Prepare for Hurricanes – But 8 Things to Never Do
Regret is rampant after a hurricane – regret for the preparation things you could have done but didn’t. However, not all hurricane advice makes sense.
MIAMI – One of the worst feelings after a hurricane passes through your neighborhood is the feeling of regret.
If only I had properly secured my windows. If only I had organized my important papers and documents where I could find them fast. ya
If only ....
Don’t be an if only person.
Hurricane things you shouldn’t regret – or do
1. X-ing the windows with tape
Every year, for decades, hurricane experts have been advising against taping windows to “strengthen them” ahead of a pending storm.
When you slap tape over your windows, you aren’t making them stronger. Unless they are hurricane-rated windows, when flying debris stirred up by winds that can be in the triple digits smashes against a regular window, it’s going to break. Tape may keep the glass from spraying inward in a shower of little pieces. But would you rather be blasted by tiny pieces – which’ll really hurt – or beheaded or stabbed in the heart by a large shard with tape dangling off of it?
Plus, after the storm, that tape is going to have to come off if everything’s intact. Trust us, because we ignored this advice back in 1979 when Hurricane David threatened, but danced away from, Miami. Getting sunbaked adhesive off of a window is way harder than putting it on.
Instead, secure the windows with shutters, if you have them. Or put up plywood. Consider hurricane-rated windows (pricey, but if you’ve the means, a relief). Also, give windows a fighting chance by removing loose objects from your yard and trimming trees (the latter, ideally before hurricane season and not the day of a Tropical Storm Warning) and check the seals on your windows ahead of time to reduce water seepage into your home, suggests Paul Ryan Windows.
2. Cracking open a window to relieve pressure
Some people think it’s a good idea to crack open a window to relieve the pressure inside the house to keep it from expanding like a balloon and blowing up like Dr. Kananga, the bad guy in the old James Bond flick “Live and Let Die.” Homes don’t blow up from internal pressure during a hurricane. Rather, once wind gains entrance it can streak upward and push your roof off the foundation, making it appear as if the house blew up from internal pressure, according to Inverse.
Don’t let the wind gain entrance to your home. Just don’t do it. Protect all sides of your house if you can.
3. Using your body to brace doors and windows
Those who have been through major hurricanes may tell you of the surreal visual of watching their doors and windows bending to the pressure from the winds. In many cases they held, believe it or not. But at this point you aren’t your window’s best ally. Don’t buoy them with your body. You’re no match for nature’s fury. Get into another room, preferably a windowless room, instead.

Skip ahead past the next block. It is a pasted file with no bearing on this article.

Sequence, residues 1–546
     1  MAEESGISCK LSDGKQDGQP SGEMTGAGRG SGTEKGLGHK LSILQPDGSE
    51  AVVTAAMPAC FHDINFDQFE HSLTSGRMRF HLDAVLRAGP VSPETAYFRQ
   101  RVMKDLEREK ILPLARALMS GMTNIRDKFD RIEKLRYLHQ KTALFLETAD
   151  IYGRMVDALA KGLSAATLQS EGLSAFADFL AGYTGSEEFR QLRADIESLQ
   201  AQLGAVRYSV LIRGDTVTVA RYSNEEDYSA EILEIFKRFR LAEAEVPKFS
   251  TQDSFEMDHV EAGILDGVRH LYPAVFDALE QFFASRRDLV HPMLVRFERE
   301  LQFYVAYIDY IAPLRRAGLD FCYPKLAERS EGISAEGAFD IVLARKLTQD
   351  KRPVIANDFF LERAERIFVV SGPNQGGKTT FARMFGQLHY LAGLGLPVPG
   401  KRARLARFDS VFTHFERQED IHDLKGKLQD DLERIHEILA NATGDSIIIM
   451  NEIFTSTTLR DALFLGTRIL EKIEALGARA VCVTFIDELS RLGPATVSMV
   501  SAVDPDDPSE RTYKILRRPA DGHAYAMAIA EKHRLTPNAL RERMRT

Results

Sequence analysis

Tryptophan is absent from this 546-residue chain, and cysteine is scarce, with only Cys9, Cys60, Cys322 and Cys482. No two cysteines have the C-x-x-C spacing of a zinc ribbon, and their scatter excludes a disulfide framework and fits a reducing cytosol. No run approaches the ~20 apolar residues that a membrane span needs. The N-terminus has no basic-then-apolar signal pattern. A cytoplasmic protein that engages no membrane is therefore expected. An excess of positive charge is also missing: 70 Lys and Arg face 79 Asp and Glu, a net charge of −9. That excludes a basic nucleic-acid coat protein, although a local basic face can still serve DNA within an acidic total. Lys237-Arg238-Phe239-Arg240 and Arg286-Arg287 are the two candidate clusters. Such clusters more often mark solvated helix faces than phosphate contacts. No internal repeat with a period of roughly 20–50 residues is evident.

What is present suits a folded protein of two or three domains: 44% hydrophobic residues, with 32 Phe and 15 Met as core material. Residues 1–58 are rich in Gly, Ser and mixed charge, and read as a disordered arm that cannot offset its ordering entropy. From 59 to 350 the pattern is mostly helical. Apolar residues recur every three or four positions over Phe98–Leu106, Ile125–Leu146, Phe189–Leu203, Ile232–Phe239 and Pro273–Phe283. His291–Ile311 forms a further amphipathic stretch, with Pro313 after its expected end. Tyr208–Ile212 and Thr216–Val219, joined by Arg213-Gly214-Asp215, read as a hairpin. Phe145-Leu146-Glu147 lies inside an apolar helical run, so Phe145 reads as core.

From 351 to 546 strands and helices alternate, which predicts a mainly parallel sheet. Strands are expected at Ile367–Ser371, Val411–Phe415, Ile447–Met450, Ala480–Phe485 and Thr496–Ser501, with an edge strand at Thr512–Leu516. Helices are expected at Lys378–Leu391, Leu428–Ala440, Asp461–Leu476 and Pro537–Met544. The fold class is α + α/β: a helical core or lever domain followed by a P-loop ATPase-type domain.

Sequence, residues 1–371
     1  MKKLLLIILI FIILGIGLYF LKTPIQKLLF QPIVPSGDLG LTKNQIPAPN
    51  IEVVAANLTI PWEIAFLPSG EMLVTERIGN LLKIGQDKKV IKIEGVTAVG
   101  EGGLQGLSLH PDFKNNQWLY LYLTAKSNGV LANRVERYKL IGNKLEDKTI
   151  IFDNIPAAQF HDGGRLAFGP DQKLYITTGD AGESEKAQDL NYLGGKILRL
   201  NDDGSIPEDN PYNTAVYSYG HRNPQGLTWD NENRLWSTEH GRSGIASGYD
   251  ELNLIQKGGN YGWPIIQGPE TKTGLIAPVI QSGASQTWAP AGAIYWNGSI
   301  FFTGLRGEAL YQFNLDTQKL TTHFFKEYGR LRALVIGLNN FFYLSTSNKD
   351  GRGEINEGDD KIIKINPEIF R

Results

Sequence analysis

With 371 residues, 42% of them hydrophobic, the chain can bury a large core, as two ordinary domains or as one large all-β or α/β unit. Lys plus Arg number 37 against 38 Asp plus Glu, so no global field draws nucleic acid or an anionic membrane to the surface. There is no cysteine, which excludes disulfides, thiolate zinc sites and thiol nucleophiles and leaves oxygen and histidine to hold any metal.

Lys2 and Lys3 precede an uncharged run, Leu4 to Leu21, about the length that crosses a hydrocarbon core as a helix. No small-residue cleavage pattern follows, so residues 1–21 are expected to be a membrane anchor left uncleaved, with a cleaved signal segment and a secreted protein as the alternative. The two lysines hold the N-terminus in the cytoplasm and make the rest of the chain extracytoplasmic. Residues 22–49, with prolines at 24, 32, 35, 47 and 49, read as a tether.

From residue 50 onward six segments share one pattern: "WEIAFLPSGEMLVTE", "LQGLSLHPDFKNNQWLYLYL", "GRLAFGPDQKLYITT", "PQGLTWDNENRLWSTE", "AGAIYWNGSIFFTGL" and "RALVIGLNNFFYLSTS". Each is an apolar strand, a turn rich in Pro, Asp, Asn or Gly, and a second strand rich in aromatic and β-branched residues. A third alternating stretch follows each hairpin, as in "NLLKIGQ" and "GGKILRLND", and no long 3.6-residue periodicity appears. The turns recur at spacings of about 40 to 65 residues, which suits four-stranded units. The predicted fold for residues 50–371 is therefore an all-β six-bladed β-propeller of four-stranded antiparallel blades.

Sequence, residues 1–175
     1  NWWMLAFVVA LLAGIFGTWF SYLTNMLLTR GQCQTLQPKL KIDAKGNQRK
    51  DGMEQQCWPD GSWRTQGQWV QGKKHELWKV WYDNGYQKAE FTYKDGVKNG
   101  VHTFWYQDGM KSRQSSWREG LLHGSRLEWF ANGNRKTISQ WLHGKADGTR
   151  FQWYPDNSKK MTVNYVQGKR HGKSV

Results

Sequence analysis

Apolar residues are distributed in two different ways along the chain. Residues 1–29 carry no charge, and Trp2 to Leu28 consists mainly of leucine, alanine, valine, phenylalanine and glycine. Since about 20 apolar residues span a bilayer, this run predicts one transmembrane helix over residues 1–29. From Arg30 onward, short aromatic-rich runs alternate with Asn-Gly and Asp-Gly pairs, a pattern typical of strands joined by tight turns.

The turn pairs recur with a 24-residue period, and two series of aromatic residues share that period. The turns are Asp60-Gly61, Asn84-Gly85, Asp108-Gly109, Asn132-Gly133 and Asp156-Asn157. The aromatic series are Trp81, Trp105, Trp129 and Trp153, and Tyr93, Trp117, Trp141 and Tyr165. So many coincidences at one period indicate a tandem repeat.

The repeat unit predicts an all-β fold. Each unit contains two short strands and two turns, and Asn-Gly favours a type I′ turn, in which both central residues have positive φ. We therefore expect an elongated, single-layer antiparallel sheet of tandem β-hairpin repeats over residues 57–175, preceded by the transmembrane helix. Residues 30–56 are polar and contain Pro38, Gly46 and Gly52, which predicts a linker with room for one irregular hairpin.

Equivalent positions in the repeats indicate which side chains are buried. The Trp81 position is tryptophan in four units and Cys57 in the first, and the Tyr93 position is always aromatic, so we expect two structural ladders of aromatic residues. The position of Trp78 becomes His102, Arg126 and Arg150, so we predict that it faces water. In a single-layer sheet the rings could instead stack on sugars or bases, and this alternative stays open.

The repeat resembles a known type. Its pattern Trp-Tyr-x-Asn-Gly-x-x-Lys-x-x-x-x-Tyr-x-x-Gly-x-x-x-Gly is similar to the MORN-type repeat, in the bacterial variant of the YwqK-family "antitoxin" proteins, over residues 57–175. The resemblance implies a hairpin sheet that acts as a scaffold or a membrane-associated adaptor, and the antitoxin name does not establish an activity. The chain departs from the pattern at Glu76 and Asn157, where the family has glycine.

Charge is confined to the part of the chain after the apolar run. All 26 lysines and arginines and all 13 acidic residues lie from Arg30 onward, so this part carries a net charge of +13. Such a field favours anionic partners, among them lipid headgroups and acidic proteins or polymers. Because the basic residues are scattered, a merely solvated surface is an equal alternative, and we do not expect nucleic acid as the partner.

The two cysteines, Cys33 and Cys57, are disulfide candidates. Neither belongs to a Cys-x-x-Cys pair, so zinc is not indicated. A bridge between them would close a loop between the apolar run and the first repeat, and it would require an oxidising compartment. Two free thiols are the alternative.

4. Using candles
Speaking of buying batteries, don’t wait until a tropical storm or hurricane is on the news and heading in your direction to rush to the supermarket to buy supplies, like water, batteries, medicines, pet food.
Hurricane preparedness should start ahead of storms.
Reduce the stress of standing in long lines and the stress of not finding what you need. You’ve heard of infant formula shortages and even shortages of canned cat food, judging by the empty shelves at our neighborhood Publix?
Shop ahead of time. And if you have insurance on your home and flood insurance, make sure ahead of time that your policies are current and that you have sufficient coverage for hurricane season. And be organized. Have important documents like these and others in a grab-and-go spot you know of ahead of time.
6. Going outside too soon
Cabin fever in a shuttered home is a bore. Getting hurt is worse. Once a storm has passed, downed trees and power lines can be dangerous if you stumble into them. So be careful.
Avoid the temptation to venture outdoors during the calm in the eye of the storm, the National Hurricane Center warns. We know you want to take selfies and socialize and see what just happened – but wait until meteorologists inform that the storm is really over in your area. That lull is deceptive and even stronger winds can quickly resume.
“Take shelter immediately as winds will increase rapidly and unpredictably after the eye passes,” the hurricane center warned storm-tossed people in the Abacos who went outside to take photos and videos in the eye of the storm during Dorian in 2019.
Drive only if you have to because roads without stoplights and covered with debris or water, can be deadly. Our drivers, even in nice weather, are, well, not the best.
7. Running a generator inside
Do not run a generator from inside your house or garage – even if you have the doors and windows open, Miami-Dade County officials counsel. Fire hazard. And you expose yourself to dying from carbon monoxide poisoning.
The same warning applies to running it from your balcony when you live in a multi-unit building like an apartment or town house. Balconies are too close to your own living areas and to your neighbors’ homes.
Also, never run a generator on grass or on a metal surface. Make sure the surface is dry before starting your generator, and keep your hands dry, too.
8. Not evacuating if told to do so
If there is a mandatory evacuation order where you live, make plans ahead of time so you know where to go – and get out when the getting’s good. If you have pets and are considering a shelter, make sure you find one that allows pets, or have a pet plan ahead of time, suggests Florida Disaster.Org, a division of emergency management.
Note: Public safety officials will not risk their lives to respond to emergency calls in mandatory evacuation zones during the storm so you can be on your own for 72 hours after a storm, warns the Weather Channel.
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